ORLANDO, Fla. – Patrick Reed, golf’s latest sensation, might be at the Arnold Palmer Invitational this week, but he has the April 10-13 Masters on his mind. That’s understandable. It will be his first major championship. He went to school in the same town at Augusta (Ga.) State. He has plenty of friends there. His parents have lived in Augusta for a few years.
And then there are his dreams. And we’re not just talking about the obvious one about slipping into a green jacket.
“It’s still a golf course I’d love to play barefoot, because there’s not a single thing misplaced on that entire golf course,” said the 23-year-old Reed, who played Augusta National three times while in college, always in soft, cold conditions. “It’s amazing.”
Barefoot? Bobby Jones, meet Happy Gilmore. Clifford Roberts, we didn’t realize you invited Tom Sawyer.
Pressed on whether he really wants to play at the golf mecca without shoes and socks, the winner of three of his last 14 PGA Tour starts didn’t back off.
“Oh, yeah,” a smiling Reed said Tuesday at Bay Hill. “Not while I’m preparing for the event or playing (in it). I’ve played nine holes at Pebble (Beach) barefoot, because I had such blisters at the Callaway (Pebble Beach Invitational) that I literally couldn’t wear my shoes. Hopefully I can use that excuse one time at Augusta when I’m playing for fun.”
Why stop fantasizing there? If Reed somehow reaches the Masters’ 72nd tee with a large lead, he should take off his shoes, toss them to fans in the gallery, drop his socks in a one of those green plastic garbage bags, play 18 barefooted and tell everybody, “Life’s a beach.”
And he if completes a Pebble-Augusta barefoot double, why stop there? Go through a list of top-ranked courses and knock out the entire top 10. I mean, that would even get more attention than his bold statement recently at the WGC-Cadillac Championship, where he said he felt like a world top-five player.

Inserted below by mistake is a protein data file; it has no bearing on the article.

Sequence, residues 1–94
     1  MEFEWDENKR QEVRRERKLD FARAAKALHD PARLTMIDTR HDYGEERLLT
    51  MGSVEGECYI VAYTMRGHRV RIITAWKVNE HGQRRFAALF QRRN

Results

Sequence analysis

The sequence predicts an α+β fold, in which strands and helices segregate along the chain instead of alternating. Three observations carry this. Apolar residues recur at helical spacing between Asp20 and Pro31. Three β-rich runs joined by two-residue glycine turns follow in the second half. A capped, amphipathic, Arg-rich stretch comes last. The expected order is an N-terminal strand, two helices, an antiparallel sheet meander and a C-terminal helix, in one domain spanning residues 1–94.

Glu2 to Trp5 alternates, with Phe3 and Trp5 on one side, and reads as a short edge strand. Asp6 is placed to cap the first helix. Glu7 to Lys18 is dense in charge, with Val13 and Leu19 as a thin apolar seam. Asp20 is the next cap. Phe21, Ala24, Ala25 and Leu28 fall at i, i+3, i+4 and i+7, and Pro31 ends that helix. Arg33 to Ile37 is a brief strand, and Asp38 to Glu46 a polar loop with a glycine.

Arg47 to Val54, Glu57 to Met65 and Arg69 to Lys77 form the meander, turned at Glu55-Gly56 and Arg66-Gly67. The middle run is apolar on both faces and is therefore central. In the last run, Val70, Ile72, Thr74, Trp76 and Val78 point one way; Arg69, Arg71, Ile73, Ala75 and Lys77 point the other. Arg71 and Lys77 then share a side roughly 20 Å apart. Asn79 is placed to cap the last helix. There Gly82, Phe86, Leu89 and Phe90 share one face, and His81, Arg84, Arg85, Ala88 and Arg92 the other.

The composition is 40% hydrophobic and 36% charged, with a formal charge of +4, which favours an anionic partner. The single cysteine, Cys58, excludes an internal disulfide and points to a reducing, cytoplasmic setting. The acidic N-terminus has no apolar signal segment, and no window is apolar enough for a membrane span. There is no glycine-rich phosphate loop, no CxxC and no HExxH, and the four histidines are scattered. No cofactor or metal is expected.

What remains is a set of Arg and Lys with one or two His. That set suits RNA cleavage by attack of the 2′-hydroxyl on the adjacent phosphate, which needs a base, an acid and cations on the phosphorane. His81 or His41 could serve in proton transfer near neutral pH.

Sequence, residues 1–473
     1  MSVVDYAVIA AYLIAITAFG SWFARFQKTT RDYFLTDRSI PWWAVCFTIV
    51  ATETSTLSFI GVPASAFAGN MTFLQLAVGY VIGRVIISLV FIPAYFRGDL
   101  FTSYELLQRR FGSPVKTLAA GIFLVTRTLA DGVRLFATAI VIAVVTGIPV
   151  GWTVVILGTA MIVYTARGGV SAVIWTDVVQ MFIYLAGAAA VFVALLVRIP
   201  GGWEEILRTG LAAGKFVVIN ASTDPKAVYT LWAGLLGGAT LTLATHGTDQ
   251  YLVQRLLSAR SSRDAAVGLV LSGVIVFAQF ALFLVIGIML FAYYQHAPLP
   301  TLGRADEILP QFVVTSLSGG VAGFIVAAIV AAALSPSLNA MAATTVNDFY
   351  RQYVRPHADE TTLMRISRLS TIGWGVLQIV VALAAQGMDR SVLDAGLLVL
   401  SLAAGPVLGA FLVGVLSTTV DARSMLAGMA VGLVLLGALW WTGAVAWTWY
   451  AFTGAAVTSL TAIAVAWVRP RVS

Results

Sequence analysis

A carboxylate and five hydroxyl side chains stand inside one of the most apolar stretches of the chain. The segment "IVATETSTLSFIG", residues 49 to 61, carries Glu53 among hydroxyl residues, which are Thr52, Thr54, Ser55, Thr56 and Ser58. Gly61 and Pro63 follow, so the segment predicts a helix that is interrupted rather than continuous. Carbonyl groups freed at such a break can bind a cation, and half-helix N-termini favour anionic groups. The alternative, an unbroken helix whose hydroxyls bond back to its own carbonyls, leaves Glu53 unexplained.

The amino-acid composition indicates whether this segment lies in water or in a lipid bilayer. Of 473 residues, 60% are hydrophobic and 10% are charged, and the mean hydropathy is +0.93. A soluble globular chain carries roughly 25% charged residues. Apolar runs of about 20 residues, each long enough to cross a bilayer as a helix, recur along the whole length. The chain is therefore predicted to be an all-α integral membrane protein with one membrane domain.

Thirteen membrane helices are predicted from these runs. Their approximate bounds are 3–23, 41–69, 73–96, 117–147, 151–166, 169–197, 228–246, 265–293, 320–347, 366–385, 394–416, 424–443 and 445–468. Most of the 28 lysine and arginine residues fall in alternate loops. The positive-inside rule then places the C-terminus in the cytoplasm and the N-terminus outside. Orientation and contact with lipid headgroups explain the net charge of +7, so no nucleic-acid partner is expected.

Though Reed’s shoeless-at-Augusta vision is different and entertaining, it’s hardly the best golf fantasy coming out of the head of a Tour player. That would belong to Johnny Miller, the Hall of Famer turned provocative broadcaster.
Miller’s mind journeyed far outside the box years ago when he served this up: Come to the final hole of a U.S. Open with a three-shot lead and lag a birdie putt to 6 inches from the hole. Then take out a 3-wood and blast the ball over the crowd, over the clubhouse and out of bounds.
Then, as everyone gasped and figured Miller had lost both his mind and the Open, he would drop 6 inches from the hole, tap in for double bogey and win by one.
Stirring things up, that’s Johnny Miller. But then it’s also Patrick Reed. They are nothing if not outspoken. Golf has known that about Miller for decades. Reed, though, just registered on the shock scale with the top-five business at Trump National Doral. His bold statements created a buzz over the past week that Reed found amusing.
“I thought it was pretty funny,” he said. “It was interesting to see how much of a stir that got up in the media.”
Not just media. Players, fans, everyone. But the ultra-confident Reed is hardly backing off.
“That’s what I believe,” said the second-year Tour player, now ranked No. 20. “That’s how I see myself as a player. You have to have that belief in yourself. If you don’t, then you’re not going to play like it and you’re definitely not going to be contending on Sundays.”
He says he believes he can get into the top five in the Official World Golf Ranking computer as well as inside his own head. And he took no offense when a British reporter said Reed has been christened in the United Kingdom as “America’s Ian Poulter.” (Long before he became a Ryder Cup hero, Poulter said that one day he would join Tiger Woods at the top, prompting Woods to playfully nickname Poulter “No. 2.”)
“It makes me feel good,” Reed said. “Ian Poulter is a great golfer. I love his personality, his outfits and what he’s done in the Ryder Cup and that determination and look he has. I mean, I think people have been calling him Angry Bird because his eyes were bulging out of his head when he made that (Ryder Cup) putt.”
Actually the eyeballs protruded when Poulter made several key putts at the last matches, but you get the idea.
As for Reed, it seems he has already pushed his Doral success to the back of his mind. Give his swing coach, Kevin Kirk, credit for that. When Reed showed up for a range session last Wednesday after a couple of post-victory days off, Kirk was looking ahead, not behind.
“He said, ‘What did you do poorly at (Doral?’ ” Reed said. “It wasn’t, ‘What did you do well?’ Those aren’t the things you work on. What you did poorly is what you need to fix. That was the thing that grabbed my attention – (it was) you won the event, now it’s time to move on.”
And maybe take your shoes and socks off.